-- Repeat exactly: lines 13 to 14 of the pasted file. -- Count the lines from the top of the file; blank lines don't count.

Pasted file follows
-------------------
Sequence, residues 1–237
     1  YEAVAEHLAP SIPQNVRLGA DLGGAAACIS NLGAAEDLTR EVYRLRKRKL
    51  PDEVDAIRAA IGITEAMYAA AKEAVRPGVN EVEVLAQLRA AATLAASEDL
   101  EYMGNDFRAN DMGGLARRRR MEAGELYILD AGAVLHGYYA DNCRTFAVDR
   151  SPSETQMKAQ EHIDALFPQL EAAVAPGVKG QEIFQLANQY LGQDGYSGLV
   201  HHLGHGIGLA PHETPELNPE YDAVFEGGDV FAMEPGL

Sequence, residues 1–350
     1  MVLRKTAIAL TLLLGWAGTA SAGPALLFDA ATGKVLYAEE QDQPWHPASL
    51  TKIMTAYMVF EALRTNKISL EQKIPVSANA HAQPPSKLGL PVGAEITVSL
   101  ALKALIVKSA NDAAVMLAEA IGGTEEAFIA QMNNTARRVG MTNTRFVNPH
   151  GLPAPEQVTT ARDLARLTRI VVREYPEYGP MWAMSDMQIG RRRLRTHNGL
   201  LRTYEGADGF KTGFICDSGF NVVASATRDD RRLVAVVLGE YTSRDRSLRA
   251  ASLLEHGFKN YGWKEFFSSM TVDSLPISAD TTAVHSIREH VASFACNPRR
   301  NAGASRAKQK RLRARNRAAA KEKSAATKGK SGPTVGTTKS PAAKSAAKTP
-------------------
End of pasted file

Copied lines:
   251  ASLLEHGFKN YGWKEFFSSM TVDSLPISAD TTAVHSIREH VASFACNPRR
   301  NAGASRAKQK RLRARNRAAA KEKSAATKGK SGPTVGTTKS PAAKSAAKTP